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Sam Ferree
Sam Ferree

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Explicit Registration in ASP.NET Core DI

Sometimes you'll want a little more control over how your objects are composed than the IServiceCollection API gives you. You can always fall back to explicit registration.

The AddTransient/Scoped/Singleton methods all have an overload that takes a Func as a factory method to use when an instance is needed.

When is this useful? let's say you have the following objects

public interface IPing
{
  void Ping(string msg);
}

public class ConsolePing : IPing
{
  public void Ping(string msg) =>
    Console.WriteLine(msg);
}

public class LogPing : IPing
{
  public void Ping(string msg) =>
    Log.Info(msg);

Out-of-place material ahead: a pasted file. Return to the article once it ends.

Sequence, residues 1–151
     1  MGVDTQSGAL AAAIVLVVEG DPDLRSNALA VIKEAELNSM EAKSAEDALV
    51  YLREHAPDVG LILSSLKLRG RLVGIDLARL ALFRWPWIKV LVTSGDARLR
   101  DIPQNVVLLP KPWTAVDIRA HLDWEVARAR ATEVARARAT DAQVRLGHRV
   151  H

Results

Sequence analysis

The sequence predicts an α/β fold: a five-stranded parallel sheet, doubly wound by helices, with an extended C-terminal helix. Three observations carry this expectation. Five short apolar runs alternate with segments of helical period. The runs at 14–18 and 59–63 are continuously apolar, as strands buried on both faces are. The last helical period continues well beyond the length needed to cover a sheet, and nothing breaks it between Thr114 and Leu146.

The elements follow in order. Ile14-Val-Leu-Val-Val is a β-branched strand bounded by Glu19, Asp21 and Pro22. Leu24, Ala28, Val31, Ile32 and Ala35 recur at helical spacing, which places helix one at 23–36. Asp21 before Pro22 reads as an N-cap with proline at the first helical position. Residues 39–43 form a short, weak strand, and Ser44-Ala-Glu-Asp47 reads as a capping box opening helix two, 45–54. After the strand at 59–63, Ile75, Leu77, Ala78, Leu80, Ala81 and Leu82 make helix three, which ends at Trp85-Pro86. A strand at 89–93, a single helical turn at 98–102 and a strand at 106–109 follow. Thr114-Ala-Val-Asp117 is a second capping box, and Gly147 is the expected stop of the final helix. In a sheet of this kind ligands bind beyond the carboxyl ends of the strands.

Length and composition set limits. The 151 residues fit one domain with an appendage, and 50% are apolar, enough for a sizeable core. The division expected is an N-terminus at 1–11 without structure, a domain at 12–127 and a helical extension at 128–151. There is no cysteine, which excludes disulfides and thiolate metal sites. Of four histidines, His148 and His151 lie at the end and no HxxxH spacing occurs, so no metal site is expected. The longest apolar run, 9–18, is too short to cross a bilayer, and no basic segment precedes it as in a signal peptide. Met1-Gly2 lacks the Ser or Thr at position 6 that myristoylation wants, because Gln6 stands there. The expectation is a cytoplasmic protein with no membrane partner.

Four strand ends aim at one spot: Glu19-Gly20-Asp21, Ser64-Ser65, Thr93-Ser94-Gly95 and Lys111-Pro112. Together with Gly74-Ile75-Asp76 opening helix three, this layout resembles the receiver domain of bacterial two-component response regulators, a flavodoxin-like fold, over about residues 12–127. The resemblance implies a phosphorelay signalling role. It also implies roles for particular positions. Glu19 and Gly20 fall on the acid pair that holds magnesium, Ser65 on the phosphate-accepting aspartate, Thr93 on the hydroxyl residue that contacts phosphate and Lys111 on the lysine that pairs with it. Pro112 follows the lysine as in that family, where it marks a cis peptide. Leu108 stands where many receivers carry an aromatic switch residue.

}

So you have to different implementations of IPing, then for different services you wanted to inject different implementations, but still only take a dependency on the interface for test mocking.

public class ServiceA
{
  private readonly IPing _pinger;
  public ServiceA(IPing pinger) => _pinger = pinger;
}

public class ServiceB
{
  private readonly IPing _pinger;
  public ServiceB(IPing pinger) => _pinger = pinger;
}

How do you register ServiceA and ServiceB so that A gets the ConsolePinger, and B gets the LogPinger? Use the overload registration that takes in a factory method.

The factory method needs to return an instance of the service you are registering, but it takes as a parameter a service provider that can be used to obtain any dependencies.

public void ConfigureService(IServiceCollection services)
{
  services.AddTransient<ConsolePing>();
  services.AddTransient<LogPing>();
  services.AddTransient<ServiceA>(provider =>
  {
    var consolePinger = provider.GetRequiredService<ConsolePing>();
    return new ServiceA(consolePinger);
  });

  // if you can also omit the generic parameter
  services.AddTransient(provider =>
  {
    var logPinger = provider.GetRequiredService<LogPing>();
    return new ServiceB(logPinger);
  });
}

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